A wooden swinging gate is perched open at the entrance to Babylon. Exotic aromas and romantic decor draw diners through the gate and into a palatial courtyard, where a long pool reflects images of lush vines climbing brick walls.
Through the door, hand-laid Moorish tiles cling to the ceiling, and lush velvet couches beckon to be lounged upon. Twelve-foot hanging drapes in rich red hues pull back to reveal a secret party room with sparkling chandeliers, and behind another hidden door is a private wine library for exclusive tastings of the finest reds and whites from around the world.
Lovers climb a back staircase to find a celebration space fit for the most elegant of brides and grooms (or brides and brides or grooms and grooms).
This is the opulent world of Babylon.
The structure that’s now home to Babylon’s restaurant and event space was first built in 1900. From the building’s beginnings until it closed in 1930, it was home to the Melrose Textile Mill, which manufactured underbritches and bathing suits.
The business thrived with the coming of Raleigh’s first public swimming pool, but like so many mills, factories, and business across the country, it was hit hard by the stock market crash and closed its doors for good just a year after Black Tuesday.
Between 1930 and 2009, the building sat vacant, sad and lonely, save for a short stint when it housed a roofing company in the 1960s. Nobody knew it yet, but hosting that roofing company would bring the mill its savior.
In 1969, Abdul Zalal, a recent Afghani immigrant, began working at the roofing company and, in 1979, he bought the mill.
Though Abdul was the first to truly see the potential in this historic building, he didn’t quite have the means or the foresight to undertake a restoration. Instead, he installed a new roof, boarded up the windows, and left it vacant for several more years until Samad came along with a passion for history, food, and Morocco.
Like many people who are hipstorians at heart, Samad Hachby passed by the Melrose Knitting Mill for years, each time becoming more and more curious about its past and more and more excited about its future. A crumbling structure that many surely passed by each day without a second thought– to Samad, it was a diamond in the rough.
The knitting mill finally got its day in the sun when, in 2009, Samad befriended the building’s owner, Abdul, and talked him out of turning it into a gym. Instead, the dilapidated mill was restored and reimagined with the creative, hipstorical passion of one Samad Hachby from Casablanca, Morocco.
Babylon restaurant honors Samad’s Moroccan roots and is designed to make you feel like you’re in a Moroccan home. The menu is inspired by traditional Moroccan and Mediterranean dishes and was first created by Samad himself as he experimented in the kitchen, recreating meals from his home country: bronzed chickpeas, harrira soup, braised lamb tagine, and couscous tfaya, to name a few.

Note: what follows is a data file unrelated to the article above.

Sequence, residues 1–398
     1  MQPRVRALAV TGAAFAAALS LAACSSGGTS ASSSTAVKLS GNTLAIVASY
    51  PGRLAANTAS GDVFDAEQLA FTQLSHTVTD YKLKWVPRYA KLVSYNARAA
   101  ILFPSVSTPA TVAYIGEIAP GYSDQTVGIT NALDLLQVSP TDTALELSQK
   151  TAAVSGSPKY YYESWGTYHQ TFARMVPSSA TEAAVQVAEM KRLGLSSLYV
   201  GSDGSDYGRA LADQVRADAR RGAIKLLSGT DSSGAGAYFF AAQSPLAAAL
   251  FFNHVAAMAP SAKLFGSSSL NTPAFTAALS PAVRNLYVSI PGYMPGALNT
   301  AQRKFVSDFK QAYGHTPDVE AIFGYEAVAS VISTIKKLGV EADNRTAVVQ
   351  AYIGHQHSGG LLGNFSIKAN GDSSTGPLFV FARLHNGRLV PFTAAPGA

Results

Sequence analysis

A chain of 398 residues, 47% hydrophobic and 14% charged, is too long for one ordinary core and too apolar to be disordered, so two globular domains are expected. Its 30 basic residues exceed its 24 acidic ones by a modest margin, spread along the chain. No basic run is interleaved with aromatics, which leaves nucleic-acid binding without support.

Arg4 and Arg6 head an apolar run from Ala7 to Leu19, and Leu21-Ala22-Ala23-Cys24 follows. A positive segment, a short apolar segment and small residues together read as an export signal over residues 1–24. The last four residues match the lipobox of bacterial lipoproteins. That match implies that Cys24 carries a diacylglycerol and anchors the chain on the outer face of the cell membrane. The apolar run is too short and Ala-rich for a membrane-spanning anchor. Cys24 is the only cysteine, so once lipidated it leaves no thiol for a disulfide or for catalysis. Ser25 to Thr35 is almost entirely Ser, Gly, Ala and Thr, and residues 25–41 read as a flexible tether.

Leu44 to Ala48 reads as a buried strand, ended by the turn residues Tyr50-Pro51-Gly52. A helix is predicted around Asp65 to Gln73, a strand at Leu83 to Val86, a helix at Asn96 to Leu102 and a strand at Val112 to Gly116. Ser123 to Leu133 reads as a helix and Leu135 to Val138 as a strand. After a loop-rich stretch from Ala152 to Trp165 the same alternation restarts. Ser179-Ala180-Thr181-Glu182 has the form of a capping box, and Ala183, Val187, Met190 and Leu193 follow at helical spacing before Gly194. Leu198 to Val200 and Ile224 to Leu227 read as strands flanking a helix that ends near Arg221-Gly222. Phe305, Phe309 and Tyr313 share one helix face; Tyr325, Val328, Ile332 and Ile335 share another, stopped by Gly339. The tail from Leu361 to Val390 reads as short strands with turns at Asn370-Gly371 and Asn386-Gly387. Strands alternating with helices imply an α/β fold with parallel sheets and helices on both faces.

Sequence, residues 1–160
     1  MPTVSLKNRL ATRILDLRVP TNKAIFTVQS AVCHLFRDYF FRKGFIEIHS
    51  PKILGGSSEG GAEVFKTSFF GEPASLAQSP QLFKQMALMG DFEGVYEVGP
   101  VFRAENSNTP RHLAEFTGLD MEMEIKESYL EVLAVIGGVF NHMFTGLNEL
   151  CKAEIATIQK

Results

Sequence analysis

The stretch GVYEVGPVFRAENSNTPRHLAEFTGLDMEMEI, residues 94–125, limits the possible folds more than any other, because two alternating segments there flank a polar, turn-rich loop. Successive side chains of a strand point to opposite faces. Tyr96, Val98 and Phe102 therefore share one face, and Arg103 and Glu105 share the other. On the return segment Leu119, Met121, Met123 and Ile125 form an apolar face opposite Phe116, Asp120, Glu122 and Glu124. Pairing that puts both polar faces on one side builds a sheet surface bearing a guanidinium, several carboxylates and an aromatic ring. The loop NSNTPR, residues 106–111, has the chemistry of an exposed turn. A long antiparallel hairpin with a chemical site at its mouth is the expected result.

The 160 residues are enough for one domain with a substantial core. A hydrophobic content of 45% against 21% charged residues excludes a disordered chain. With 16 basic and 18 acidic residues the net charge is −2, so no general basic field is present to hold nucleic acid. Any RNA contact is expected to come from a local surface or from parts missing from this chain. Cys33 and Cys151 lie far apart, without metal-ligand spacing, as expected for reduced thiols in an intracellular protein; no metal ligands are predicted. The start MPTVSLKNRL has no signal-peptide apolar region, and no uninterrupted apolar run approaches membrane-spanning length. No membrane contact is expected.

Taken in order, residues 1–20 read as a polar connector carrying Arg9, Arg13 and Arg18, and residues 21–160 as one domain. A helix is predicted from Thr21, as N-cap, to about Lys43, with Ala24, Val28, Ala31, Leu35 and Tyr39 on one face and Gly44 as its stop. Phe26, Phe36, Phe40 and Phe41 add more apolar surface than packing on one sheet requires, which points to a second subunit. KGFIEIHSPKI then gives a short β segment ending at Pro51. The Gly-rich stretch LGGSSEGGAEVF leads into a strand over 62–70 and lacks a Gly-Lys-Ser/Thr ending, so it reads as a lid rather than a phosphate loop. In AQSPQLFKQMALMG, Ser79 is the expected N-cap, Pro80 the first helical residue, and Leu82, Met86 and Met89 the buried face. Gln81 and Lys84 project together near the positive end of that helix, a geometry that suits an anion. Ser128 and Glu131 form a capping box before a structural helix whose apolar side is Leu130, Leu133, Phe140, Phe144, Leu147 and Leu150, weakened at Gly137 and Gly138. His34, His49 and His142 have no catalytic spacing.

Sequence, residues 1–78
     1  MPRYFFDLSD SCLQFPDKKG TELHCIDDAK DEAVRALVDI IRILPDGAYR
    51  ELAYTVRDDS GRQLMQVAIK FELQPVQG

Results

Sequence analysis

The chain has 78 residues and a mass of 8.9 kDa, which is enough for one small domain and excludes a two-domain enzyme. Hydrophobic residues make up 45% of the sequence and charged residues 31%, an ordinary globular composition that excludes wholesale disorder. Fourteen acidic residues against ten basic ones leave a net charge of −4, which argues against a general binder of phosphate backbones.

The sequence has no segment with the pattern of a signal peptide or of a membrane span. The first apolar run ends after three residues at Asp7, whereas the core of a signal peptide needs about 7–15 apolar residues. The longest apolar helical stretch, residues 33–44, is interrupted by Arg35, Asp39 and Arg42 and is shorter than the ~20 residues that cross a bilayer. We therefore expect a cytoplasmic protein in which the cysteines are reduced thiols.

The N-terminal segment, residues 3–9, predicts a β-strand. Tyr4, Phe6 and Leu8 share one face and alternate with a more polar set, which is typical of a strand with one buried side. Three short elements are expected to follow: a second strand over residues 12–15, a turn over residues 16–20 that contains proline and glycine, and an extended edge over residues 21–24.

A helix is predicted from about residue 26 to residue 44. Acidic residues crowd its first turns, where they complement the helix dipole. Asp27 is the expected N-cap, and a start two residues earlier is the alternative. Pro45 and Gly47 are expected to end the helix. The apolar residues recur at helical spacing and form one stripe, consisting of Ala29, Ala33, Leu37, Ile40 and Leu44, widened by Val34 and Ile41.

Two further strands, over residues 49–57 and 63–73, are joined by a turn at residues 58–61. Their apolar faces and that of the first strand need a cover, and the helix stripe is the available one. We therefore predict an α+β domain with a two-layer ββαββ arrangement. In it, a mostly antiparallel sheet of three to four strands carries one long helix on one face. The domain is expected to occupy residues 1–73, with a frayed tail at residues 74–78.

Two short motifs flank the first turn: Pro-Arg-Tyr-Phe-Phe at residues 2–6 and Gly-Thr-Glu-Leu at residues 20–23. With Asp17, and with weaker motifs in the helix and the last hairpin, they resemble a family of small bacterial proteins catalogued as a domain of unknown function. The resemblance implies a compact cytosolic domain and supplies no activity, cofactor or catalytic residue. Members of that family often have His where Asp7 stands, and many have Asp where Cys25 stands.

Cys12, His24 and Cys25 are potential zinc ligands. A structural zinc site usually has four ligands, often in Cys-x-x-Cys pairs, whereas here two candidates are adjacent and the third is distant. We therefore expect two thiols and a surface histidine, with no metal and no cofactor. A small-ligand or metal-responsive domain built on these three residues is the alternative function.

Samad was passionate about creating a truly authentic North African experience, so much so that he traveled home to Casablanca multiple times to bring back decor like the handmade marble tiles that cover the restaurant’s ceiling.
The restoration took two years and, in 2011, Samad opened Babylon’s doors with a warm Moroccan welcome.
And that’s just what we received at Babylon. With my cousin and friends in tow, we enjoyed an incredible meal of lamb and chicken tagine, couscous, calamari, sausage and bruschetta. Babylon was our North African oasis, a welcome escape from the North Carolina heat, where wine flowed as freely as mirthful conversation.
If it were not for an Afghani and a Moroccan, the Melrose Knitting Mill may have been lost forever. It may have crumbled.
Babylon is a beautiful reminder of the hard work of immigrants that American cities are built upon. This place represents so many American businesses. It represents America. Our country’s history would not be if it were not for the hard work of immigrants– immigrants who saw the potential in a place and built it up into something beautiful.
Any hipstorian knows how important it is to honor our history and heritage, and ours is one of immigrants. Let us work together to build up what has begun to crumble and to restore it– to reimagine it as something even more beautiful.
The former Babylon Restaurant is has been reimagined to incorporate Italian cuisine under the same owner and the same roof. Learn more about Mulino: www.mulinoraleigh.com.
Suggestions for more hipstorical places in Louisville? Email me and help me build my archives!